6 days, 5 nights, 4 tents, 3 waterfalls, 2 stoves, and 1 happy family surviving on what we carry on our backs. This lovely family consists of 8 teenagers and 2 adults hiking through 55 miles of the North Country Scenic Trail enduring the challenges and the epiphanies and all growing and changing by the end of the trip.
One of those challenges was the first night on trail when it was a blustery, rainy night and we had to find the already hung ropes for bear hanging in the dark. We trudged through the pitch black and stormy woods with our headlamps looking for our three hung ropes. Finally, we found two of them but came to the conclusion that someone had stolen the third rope that was laying across the path. Luckily, there was a bear pole so we tried a few times to get the last bear bag onto that. Eventually, we gave up when we’d made many failed attempts and someone pointed out it that it’s “probably not the best idea for us to be holding onto a metal pole in a lightning storm.” Our epiphany came at the end of the night when we frankly gave up and just stashed the last bag under our tarp with some pans on top. Letting go is an important part of having success on trail, and we showed that perfectly that wet and stormy night.
The next day we figured out the importance of being open and positive to inclement weather when it was rainy and cold. We all huddled together to get warm and could barely pack up due to our fingers being numb from the cold. Going through those uncomfortable conditions at the beginning of the day made the first glimpses of sunshine a miracle. We all beamed and rose our faces to the sun as if that was all we needed from the world. That night, we all bounced and danced around as if that was the happiest night of our lives.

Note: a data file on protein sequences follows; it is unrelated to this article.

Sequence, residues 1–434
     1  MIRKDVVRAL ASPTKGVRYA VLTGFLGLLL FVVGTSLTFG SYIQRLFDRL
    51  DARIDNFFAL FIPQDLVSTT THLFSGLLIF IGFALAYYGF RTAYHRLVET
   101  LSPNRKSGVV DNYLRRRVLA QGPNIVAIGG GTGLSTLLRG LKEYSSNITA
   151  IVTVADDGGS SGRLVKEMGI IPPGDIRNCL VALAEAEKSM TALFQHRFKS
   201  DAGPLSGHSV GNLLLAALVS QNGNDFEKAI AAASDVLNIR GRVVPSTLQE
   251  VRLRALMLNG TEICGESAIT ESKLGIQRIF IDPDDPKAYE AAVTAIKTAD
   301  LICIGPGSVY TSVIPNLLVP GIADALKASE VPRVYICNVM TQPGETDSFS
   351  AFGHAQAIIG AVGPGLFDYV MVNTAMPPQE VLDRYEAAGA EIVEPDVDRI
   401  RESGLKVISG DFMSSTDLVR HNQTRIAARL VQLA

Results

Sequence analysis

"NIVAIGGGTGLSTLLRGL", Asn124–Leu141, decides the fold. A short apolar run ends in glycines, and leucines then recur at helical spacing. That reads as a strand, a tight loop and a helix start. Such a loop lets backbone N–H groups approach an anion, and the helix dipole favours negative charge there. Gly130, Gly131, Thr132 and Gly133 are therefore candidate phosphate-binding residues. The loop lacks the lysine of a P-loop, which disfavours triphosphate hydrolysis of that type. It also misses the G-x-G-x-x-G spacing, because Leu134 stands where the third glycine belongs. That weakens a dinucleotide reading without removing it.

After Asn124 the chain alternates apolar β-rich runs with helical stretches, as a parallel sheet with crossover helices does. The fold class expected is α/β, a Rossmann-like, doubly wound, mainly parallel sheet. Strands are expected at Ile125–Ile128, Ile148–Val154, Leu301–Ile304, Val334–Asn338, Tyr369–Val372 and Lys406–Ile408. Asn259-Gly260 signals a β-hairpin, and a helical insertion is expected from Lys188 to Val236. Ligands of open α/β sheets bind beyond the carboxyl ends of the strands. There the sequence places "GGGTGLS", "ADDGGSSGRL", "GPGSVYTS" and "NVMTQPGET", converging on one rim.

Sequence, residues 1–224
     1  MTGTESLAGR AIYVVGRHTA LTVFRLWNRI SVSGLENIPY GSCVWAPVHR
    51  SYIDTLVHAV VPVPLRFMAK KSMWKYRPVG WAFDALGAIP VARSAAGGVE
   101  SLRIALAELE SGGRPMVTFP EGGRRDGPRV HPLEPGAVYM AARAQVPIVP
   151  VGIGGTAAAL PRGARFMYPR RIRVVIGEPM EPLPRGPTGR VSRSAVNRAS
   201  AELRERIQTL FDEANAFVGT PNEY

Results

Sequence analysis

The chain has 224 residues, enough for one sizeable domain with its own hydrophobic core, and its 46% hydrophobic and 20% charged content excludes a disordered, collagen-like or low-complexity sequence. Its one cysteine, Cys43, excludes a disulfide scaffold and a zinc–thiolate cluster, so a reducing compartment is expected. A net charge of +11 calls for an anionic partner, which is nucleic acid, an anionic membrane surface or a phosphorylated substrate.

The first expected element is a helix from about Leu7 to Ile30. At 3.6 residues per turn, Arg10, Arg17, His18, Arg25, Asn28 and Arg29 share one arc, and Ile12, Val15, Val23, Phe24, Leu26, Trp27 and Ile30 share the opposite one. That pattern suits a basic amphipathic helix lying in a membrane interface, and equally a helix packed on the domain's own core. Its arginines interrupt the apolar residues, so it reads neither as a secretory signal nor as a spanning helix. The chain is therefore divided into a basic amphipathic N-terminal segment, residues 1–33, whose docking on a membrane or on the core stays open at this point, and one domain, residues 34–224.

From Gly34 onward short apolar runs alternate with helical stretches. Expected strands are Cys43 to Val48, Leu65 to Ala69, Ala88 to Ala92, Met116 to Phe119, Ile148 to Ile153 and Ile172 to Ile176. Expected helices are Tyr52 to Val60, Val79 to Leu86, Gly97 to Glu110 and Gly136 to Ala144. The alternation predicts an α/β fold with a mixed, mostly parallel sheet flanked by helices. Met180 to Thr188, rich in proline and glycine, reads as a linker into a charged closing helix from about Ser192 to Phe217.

I was able to contemplate my experiences on this trip as well as other thoughts while hiking in solitude. During this time, I became so deep in thought my body walked without me putting in any conscious effort. It made me more conscious of my surroundings and my thoughts. I was able to feel at peace and centered in solitude because of the comfort of knowing someone is somewhere in front and behind me but that I was virtually alone amongst the trees. That is a liberating and freeing feeling.
The last night on trail, a few of us stayed up watching the full moon rise and recapped the trip. As I listened to the trill of soft voices around me, I realized I would not have changed a single thing about this trip. I was content with everything because every moment was valuable and remarkable. Those moments, no matter how seemingly small or insignificant, have shaped my views, my thought processes, and who I am, to become just a little bit different than before I stepped foot onto that trail. I am thankful for that trail and for my family of 10 who hiked through it with me.
Photos contributed by Kaia, CS17, St. Paul, MN.